School Autonomy in the UK / Damon Clark

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School Autonomy in the UK / Damon Clark

  1. 1. School Autonomy in the UK Damon Clark Cornell University Presentation at Workshop on Evaluation of Education Policies, October 7 2011
  2. 2. Background: How to Improve Schools? Three approaches: (3) Structural reforms (1) Resources Spending, class size reductions Autonomy, choice, competition (2) Standards & Accountability Incentives for schools, teachers and students
  3. 3. Outline of the talk (A) UK school system (B) Autonomy reforms in the UK (C) Evaluation of a radical UK autonomy reform (D) Outlook for school autonomy in the UK (E) Summary, conclusions and questions
  4. 4. (A) UK school system Brief History State schooling gradually more important in 19 th & early 20 th century By 1950, most schooling was state-provided (private school ~7%) 1950-1975: moved to comprehensive system of state schooling In 1950, state system had two tiers: elite & non-elite schools
  5. 5. (A) UK school system 1975 National Government Local Schools Authority Neighbourhood Enrollment Needs-Based Funding S1 S2 S3
  6. 6. (A) UK school system 1975 1988 National Government Local Schools Authority Neighbourhood Enrollment Needs-Based Funding Open Enrollment Money follows Pupils League Tables ‘ Virtual Voucher’ system = S1 S2 S3 S1 S3 S2 Local Schools Authority National Government
  7. 7. (B) UK Autonomy reforms Reform #1: Local Management of Schools (1988) S3 S2 Local Schools Authority National Government S1 More decisions given to schools (especially on budgets)
  8. 8. (B) UK Autonomy reforms Reform #2: Grant Maintained Schools (1988) S3 S2 Local Schools Authority National Government S1 ‘ Opt-Out’ = Quasi-independent (must win vote among parents)
  9. 9. (B) UK Autonomy reforms GM schools like private schools: Owned the school grounds and buildings Employed all teaching and non-teaching staff GM schools like (UK) public schools: Had to follow National Curriculum Same current funding as non-GM schools (but from central gvt) Admitted students (but no fees or tests) GM schools like non-profits: Established a board (governing body), principal like CEO Complex formula for capital funding
  10. 10. (B) UK Autonomy reforms Around one-third of high schools voted on GM status… Around one-quarter of high schools became GM 1988 1990 1992 1994 1996 0.3 0.2 0.1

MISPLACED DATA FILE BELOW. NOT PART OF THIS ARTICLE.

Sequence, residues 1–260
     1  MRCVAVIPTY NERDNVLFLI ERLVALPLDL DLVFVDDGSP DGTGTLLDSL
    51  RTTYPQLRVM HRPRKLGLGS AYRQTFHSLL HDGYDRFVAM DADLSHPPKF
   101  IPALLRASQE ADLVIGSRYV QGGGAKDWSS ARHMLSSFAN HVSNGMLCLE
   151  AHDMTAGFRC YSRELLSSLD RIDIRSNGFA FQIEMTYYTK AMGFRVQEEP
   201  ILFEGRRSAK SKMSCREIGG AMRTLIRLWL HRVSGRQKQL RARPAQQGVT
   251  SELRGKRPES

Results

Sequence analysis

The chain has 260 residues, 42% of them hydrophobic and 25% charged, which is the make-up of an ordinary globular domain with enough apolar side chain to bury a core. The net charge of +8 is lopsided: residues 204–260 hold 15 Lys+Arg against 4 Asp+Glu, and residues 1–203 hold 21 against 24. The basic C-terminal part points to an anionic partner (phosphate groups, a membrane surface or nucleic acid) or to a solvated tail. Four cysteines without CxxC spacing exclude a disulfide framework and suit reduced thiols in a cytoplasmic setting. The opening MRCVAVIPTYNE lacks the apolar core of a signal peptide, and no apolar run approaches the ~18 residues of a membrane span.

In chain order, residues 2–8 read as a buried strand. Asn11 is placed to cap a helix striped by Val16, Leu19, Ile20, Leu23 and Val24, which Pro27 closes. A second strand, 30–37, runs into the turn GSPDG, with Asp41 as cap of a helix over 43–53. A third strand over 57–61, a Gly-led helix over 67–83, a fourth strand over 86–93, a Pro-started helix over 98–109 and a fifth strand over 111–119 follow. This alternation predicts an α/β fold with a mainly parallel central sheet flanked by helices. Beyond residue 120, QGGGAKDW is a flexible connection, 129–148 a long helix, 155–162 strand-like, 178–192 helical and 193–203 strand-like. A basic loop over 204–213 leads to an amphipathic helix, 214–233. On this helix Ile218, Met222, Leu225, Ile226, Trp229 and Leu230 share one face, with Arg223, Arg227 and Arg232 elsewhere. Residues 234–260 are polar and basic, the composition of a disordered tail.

11. 11. Why not hold a GM vote? Why lose a GM vote? Local resistance to GM reform GM Voting: Typically Principal For Against (Q) (A) (B) UK Autonomy reforms District Neutral District Oppose Teachers support Win ? Teachers oppose ? Lose
  12. 12. Labour Conservative (B) UK Autonomy reforms GM votes in London
  13. 13. No – GM and never-GM schools may already be different (2) Compare narrow vote winners and narrow vote losers Yes – pre-GM vote, these schools should be same on avg Possible methods (1) Compare GM schools with never-GM schools? (C) Evaluation of UK Autonomy Reform -> narrow losers = good counterfactual for outcomes of narrow winners without GM status = “regression discontinuity” design Outcome = school pass rate Sample = all secondary schools that voted
  14. 14. ‘ O’ Level Exams ‘ A’ Level Exams Primary School High School College University (C) Evaluation of UK Autonomy Reform Age Grade 5 1 6 2 7 3 8 4 9 5 10 6 11 7 12 8 13 9 14 10 15 11 18 19 20 16 12 17 13
  15. 15. ‘ O’ Level Exams (now GCSEs) High School Outcome = % students in school that pass >=5 exams Sample (C) Evaluation of UK Autonomy Reform “ School pass rate” 11 7 12 8 13 9 14 10 15 11
  16. 16. (C) Evaluation of UK Autonomy Reform Vote counts by vote share (Figure 1) GM status by vote share (Figure 2)
  17. 17. (C) Evaluation of UK Autonomy Reform School performance before the vote (Figure 3a) School performance two years after the vote (Figure 3b)
  18. 18. (C) Evaluation of UK Autonomy Reform Estimates of the effects of becoming GM: Percentage points Year after vote -> effects large: 10% of bass pass rate, 0.25 st devin in base pass rate s -> effects are stable for 8 years after the vote
  19. 19. (C) Evaluation of UK Autonomy Reform How did schools improve? (1) No evidence of student cream-skimming, at least in short-run (2) Evidence for reduced student absences (3) Evidence for increased teacher hiring (4) Evidence for increase in teacher turnover following vote (5) Evidence for more flexible teacher pay (e.g., bonuses)
  20. 20. (D) Outlook for Autonomy in the UK GM policy made by Conservative gvt, in power until 1997 Labor government that came to power in 1997 froze policy No new GM schools but existing GM schools kept freedoms Non-GM schools given more flexibility -> became more like GM “ Academy schools” created New magnet-like schools in poor areas Given a lot of resources, given GM-like freedoms
  21. 21. (D) Outlook for Autonomy in the UK Coalition government elected in May 2010 Flagship policy = “free schools” New schools (like start-up charter schools in the US) Can be set up by parents, teachers, charities but not for-profits Only a handful of free school applications/approvals
  22. 22. (D) Outlook for Autonomy in the UK Coalition government elected in May 2010 More important policy = let schools rated “outstanding” become academies 200 new Academies created between January 2002 and election 68 new Academies created since election 194 schools converted to Academy status since election -> another (quieter) revolution
  23. 23. (E) Summary & Conclusions In 1975, UK school system like that in most countries 1988-1997: first autonomy revolution; appears to be have been successful 2010-?: second autonomy revolution; results as yet unknown Interesting questions: What do successful autonomour schools need? E.g., Great leaders? Why can autonomy help? E.g., flexibility re staff decisions?

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